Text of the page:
As temperatures swirled, a massive ice storm blanketed Northern U.S. states and parts of Canada during the early morning hours of Christmas Eve last month, crystallizing a landscape of drooping pine boughs and broken birches.

In Vermont, locals listened to public radio for weather updates, correctly identifying the sounds of a distant snowplow and whether or not the driver had begun dropping sand onto the roadway. Temperatures dipped, and those who’d lost electricity to downed power lines made last-minute contingency plans for the holiday, either moving the celebration or “sheltering in place” beside a wood stove with plenty of blankets.

However, at least one area man — who’d survived combat in Vietnam as a Marine scout — perished of carbon monoxide poisoning the next day. Like many rural Americans, Mitchel Rowell kept a gasoline generator in the garage for just such an emergency. And like so many others, the 60-year-old thought he’d run the machine in his attached garage, ventilating the poisonous fumes by opening a door or window.

Similarly, 40-year-old Sederick Baliem Sr. ran a gas generator in the basement of his house in East Point, Illinois, following the same storm, leading to the poisoning deaths of himself and his 11-year-old son, Sederick Baliem III.

The Consumer Product Safety Commission says portable generators account for 85 percent of carbon monoxide deaths in the United States every year, or 800 of 931 such deaths. Interestingly, African-American men were over-represented in this group, accounting for some 23 percent of all carbon monoxide deaths — twice the average.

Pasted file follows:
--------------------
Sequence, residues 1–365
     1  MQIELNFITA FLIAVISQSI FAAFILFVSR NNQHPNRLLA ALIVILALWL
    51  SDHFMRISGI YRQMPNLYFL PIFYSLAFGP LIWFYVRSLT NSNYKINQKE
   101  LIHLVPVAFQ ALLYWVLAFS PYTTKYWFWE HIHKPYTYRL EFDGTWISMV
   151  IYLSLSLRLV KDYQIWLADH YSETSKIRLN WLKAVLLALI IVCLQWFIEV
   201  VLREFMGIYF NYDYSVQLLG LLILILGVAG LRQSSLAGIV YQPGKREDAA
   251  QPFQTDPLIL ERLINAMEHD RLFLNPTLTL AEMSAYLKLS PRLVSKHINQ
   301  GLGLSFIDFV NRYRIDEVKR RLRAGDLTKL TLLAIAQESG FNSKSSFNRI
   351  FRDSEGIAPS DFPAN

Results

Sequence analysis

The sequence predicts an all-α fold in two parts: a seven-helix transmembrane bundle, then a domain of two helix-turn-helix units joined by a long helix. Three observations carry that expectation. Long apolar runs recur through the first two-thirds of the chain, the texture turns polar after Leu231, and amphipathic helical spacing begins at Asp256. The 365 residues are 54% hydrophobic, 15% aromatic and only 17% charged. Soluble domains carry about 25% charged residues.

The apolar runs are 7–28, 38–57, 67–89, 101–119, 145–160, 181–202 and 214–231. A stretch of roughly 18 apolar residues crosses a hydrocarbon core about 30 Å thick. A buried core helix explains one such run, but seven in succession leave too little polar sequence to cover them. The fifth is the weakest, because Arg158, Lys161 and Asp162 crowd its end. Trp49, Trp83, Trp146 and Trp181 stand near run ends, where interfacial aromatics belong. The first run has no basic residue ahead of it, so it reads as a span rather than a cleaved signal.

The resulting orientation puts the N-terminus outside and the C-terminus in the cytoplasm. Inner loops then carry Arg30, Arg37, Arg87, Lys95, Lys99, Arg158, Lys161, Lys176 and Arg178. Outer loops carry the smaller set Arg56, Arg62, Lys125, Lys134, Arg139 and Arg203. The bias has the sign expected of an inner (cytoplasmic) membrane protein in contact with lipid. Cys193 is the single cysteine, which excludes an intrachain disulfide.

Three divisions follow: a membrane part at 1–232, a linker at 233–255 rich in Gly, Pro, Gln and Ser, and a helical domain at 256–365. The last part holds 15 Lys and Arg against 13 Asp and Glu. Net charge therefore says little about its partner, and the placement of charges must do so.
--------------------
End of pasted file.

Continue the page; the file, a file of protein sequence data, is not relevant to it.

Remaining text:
Sean Sue, clinical director of Piedmont Atlanta Hospital’s emergency department, told The Atlanta-Journal Constitution that emergency room physicians anticipate a surge in carbon monoxide poisonings during the peak of winter. “People are at greater risk for carbon monoxide poisoning as it gets colder and we turn to things like space heaters, fireplaces and sometimes even wood stoves — all of which produce carbon monoxide as a byproduct,” he said.

Such poisonings may be hard for doctors — and especially for laymen — to recognize given the similarity of symptoms to other illnesses. Following exposure to the gas, symptoms may include headaches, dizziness, weakness, nausea, vomiting, and other flu-like symptoms. However, Sue said most poisonings carry only short-term symptoms, unless a victim endures a longer exposure to the gas. “When someone is exposed to high levels of carbon monoxide, it can cause loss of consciousness and even death,” Sue said.

To avoid carbon monoxide poisoning, experts recommend home owners install detectors on every floor while refraining from using kitchen ovens to heat the home, even in the event of a protracted power outage. Most important, people should refrain from operating a gas generator indoors or within 15 feet of the house.